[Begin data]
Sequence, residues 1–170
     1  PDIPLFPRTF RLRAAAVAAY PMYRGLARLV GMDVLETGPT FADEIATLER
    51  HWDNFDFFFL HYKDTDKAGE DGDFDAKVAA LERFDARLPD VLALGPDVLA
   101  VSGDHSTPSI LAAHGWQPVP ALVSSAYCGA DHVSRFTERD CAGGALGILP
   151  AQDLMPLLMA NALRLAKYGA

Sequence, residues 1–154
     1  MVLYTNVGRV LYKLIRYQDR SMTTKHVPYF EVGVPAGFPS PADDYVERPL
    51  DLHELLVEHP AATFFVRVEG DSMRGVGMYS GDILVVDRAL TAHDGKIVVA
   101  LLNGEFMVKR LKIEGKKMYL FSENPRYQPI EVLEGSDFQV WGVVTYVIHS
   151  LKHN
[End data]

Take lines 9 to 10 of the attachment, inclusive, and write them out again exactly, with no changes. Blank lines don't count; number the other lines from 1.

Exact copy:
   101  LLNGEFMVKR LKIEGKKMYL FSENPRYQPI EVLEGSDFQV WGVVTYVIHS
   151  LKHN